Patience pays off as Blues flanker makes match-winning return
After nine months on the sidelines, FNB University of Fort Hare’s Lukhanyisa Tosholwana announced his return to health with a match-winning performance in the team’s first FNB Varsity Shield encounter of the season last week.
“Contributing to the Blues’ victory in such a tense match after being out of the game through injury for so long was special to both me and my team,” the flanker said after being named the Player that Rocks in the 14-13 victory over Walter Sisulu University.
The 25-year-old crossed for a crucial try on the back of a powerful rolling maul shortly before halftime to give his team a 14-5 lead at the break. But they were scoreless in the second half and had to withstand a series of attacks from their rivals to get their campaign off the ground.
Any match against the Blues’ arch-rivals is fiercely contested and the latest did not disappoint as the visitors pressed hard for victory in the closing stages at the Davidson Stadium in Alice.
“It was a tough game,” admitted Tosholwana, who learnt his rugby at Dale College in Qonce. “This has been the case for many years as they are our big rivals and, because of that, our spirit when we take them on has always been high.”
As always, the team had each other’s back in those final minutes.
“There were a few moments when it felt like we could be losing it, but the team never disappoints with their fighting spirit.”
Although he felt several teammates performed equally well, Tosholwana was “more than pleased” to be named player of the match.
“I did feel that this was a good game for me, making tackles and getting turnovers, but there is always room for improvement.”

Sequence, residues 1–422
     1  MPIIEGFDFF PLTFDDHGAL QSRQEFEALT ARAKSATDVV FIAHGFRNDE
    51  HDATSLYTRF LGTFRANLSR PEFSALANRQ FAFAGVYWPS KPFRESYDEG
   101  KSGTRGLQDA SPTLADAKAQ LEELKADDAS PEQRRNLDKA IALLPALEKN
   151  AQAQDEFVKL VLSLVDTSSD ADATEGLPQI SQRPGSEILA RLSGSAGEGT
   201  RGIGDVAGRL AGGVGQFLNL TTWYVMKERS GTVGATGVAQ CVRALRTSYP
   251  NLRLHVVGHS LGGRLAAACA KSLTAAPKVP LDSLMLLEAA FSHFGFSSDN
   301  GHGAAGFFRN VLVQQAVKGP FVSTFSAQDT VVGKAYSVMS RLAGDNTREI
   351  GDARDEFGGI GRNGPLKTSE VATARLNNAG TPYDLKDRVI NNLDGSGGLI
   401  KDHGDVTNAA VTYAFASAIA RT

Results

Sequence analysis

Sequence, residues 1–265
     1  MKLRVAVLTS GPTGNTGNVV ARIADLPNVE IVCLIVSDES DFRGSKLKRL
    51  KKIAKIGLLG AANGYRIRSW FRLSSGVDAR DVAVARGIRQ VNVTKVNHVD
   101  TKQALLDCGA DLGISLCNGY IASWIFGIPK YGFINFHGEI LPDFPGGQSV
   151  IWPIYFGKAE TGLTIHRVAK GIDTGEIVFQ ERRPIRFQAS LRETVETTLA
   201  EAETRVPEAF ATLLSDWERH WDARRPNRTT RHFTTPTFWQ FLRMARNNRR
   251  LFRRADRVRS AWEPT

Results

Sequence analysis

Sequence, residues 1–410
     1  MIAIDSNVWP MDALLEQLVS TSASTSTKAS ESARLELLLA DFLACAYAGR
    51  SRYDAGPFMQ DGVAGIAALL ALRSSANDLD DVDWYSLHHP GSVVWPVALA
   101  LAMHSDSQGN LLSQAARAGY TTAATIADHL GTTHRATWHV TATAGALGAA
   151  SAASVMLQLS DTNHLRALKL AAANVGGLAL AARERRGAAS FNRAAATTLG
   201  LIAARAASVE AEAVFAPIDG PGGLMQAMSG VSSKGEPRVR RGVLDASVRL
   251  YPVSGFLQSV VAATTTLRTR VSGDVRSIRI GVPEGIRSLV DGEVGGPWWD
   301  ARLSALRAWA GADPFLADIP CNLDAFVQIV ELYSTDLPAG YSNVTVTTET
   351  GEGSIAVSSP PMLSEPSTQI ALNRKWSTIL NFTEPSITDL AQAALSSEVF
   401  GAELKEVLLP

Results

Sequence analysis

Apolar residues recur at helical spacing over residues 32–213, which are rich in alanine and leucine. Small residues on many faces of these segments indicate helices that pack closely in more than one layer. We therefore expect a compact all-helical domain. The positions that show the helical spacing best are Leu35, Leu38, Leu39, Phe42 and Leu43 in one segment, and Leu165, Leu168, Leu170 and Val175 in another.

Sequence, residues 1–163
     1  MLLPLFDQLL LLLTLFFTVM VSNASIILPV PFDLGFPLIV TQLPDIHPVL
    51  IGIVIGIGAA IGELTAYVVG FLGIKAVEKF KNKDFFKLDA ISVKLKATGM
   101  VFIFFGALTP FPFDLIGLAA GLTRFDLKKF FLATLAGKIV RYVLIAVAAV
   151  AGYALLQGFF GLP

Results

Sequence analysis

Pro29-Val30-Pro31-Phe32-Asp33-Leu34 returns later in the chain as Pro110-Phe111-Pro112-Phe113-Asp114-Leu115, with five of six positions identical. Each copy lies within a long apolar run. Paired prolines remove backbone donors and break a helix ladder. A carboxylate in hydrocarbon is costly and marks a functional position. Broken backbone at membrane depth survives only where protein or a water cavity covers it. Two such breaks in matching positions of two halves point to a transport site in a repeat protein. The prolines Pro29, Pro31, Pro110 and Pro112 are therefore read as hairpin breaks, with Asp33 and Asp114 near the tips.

He added that discipline would be the name of the game in the rest of the tournament.
“I think we learnt from this match the importance of being more disciplined when it comes to defence, height of the tackles and set pieces.”
The Zwelitsha-based player made his debut for the Blues in 2018 and has been a mainstay of the team until that fateful day in April last year when he tore his hamstring against Tshwane University of Technology.
“Playing in the Varsity Shield has helped me to work out how to handle the pressure of needing to perform well and how to manage any setbacks.”
He said the time in rehabilitation had taught him how important it was to be resilient and patient when things take a turn for the worse.
The defending champions take on the University of Western Cape in another home fixture on Thursday.
“We are ready to give it our all,” said Tosholwana.
“We are expecting a hard-running game because they like to move the ball a lot, so that’s going to be another challenge for our defensive systems.”